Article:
The Endogeneity of Technological Change in 20th Century America
In the last decade of the twentieth century, economic theorists turned their attention to the possibility of modelling technological change as an endogenous variable. The most influential contribution was a paper by Paul Romer, “Endogenous Technological Change,” published in the Journal of Political Economy in 1990. The present paper approaches the issue of endogeneity of technology from a historical perspective rather than a purely theoretical one. The argument is that, in the course of the twentieth century, organizational changes took place that significantly increased the endogeneity of technological change, and did so more rapidly than was the case in other OECD countries. The paper also goes one crucial step beyond the technological level, asserting that the growing endogeneity applied, not only to the realm of technology, but to that of science as well.
Nathan Rosenberg is Professor of Economics (Emeritus) in the Department of Economics at Stanford University. He is also Senior Fellow, Stanford Institute for Economic Policy Research. He was educated at Rutgers University, University of Wisconsin and Oxford University. He has taught at the University of Pennsylvania, Purdue University, Harvard University, the University of Wisconsin, the London School of Economics, and Cambridge University, where he served as the Pitt Professor of American History and Institutions.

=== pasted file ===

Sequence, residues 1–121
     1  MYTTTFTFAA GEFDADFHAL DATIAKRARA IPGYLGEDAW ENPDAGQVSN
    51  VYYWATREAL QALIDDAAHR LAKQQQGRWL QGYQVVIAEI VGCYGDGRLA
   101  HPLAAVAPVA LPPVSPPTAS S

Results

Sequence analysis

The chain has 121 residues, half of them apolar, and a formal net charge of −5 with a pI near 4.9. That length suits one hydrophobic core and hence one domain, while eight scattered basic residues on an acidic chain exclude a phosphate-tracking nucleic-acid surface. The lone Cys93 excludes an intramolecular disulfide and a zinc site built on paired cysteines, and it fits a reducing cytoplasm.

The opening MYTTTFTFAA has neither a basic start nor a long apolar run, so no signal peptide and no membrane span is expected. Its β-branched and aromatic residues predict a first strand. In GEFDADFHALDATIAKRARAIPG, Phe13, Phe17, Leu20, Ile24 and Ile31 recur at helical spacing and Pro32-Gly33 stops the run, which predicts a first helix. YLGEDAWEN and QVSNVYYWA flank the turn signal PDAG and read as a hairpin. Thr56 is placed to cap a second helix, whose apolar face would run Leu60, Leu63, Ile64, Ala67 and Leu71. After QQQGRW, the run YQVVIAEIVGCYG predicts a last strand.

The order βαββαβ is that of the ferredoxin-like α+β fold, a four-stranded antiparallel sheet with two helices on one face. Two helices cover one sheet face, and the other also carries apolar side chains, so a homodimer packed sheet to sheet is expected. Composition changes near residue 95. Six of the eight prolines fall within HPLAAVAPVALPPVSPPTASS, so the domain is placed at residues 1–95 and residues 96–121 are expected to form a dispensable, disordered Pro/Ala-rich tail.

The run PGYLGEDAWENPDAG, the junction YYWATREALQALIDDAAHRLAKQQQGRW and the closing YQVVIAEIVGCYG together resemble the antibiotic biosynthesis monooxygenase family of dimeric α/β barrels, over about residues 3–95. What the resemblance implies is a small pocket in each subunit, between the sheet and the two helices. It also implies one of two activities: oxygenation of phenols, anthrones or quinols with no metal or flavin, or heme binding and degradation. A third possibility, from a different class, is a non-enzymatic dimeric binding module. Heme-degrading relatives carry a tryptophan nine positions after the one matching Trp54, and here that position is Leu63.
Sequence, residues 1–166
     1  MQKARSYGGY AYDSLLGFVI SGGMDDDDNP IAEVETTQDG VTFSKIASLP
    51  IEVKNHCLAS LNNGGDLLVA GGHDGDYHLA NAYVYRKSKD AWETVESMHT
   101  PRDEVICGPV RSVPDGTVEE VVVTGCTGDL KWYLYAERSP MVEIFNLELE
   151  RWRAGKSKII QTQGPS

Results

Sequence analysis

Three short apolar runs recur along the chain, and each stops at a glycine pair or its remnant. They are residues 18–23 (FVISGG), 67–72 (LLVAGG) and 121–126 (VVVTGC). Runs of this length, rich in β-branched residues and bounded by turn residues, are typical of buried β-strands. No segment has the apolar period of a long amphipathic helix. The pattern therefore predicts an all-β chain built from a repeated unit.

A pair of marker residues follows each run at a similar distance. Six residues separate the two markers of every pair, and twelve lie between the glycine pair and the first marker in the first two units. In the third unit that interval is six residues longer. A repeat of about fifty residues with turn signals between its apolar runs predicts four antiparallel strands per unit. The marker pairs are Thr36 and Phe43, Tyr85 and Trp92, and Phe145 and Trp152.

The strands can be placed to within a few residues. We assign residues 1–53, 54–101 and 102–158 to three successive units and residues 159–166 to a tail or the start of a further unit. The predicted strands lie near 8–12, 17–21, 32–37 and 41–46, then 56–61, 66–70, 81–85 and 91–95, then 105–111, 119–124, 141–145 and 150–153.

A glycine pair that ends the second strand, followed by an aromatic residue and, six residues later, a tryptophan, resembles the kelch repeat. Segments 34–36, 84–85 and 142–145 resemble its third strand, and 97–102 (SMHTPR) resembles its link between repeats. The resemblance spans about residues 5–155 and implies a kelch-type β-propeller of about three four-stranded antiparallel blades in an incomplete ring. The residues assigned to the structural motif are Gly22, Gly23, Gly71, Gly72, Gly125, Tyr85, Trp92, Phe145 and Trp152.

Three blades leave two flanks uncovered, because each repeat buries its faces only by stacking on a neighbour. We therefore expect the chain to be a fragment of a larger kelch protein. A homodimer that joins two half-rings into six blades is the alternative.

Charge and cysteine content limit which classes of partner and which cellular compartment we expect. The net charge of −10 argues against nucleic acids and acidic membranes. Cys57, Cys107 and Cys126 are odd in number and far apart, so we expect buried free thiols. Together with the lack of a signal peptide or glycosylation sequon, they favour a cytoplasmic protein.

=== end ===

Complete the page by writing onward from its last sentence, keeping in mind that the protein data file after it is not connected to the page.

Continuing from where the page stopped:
Professor Rosenberg's primary research activities have been in the economics of technological change. His publications have addressed both the questions of the determinants and the consequences of technological change. His research has examined the diversity of the forces generating technological change across industrial boundary lines, as well as the mutual influences between scientific research and technological innovation. Professor Rosenberg's books include The American System of Manufactures, Perspectives on Technology, Inside the Black Box, Technology and the Pursuit of Economic Growth (with David Mowery), How the West Grew Rich (with L.E. Birdzell, Jr.), Exploring the Black Box, The Emergence of Economic Ideas, Paths of Innovation (with David Mowery) and, most recently, Schumpeter and the Endogeneity of Technology.
Professor Rosenberg has served as chairman of the Stanford Economics Department. He is a member of the Executive Board as well as the Board of Directors of the National Bureau of Economic Research. He is an elected fellow of the American Academy of Arts and Sciences and the Swedish Royal Academy of Engineering Sciences. He is the recipient of honorary doctoral degrees from the University of Lund and the University of Bologna. He was awarded the Leonardo da Vinci Prize for his contributions to the history of technology.
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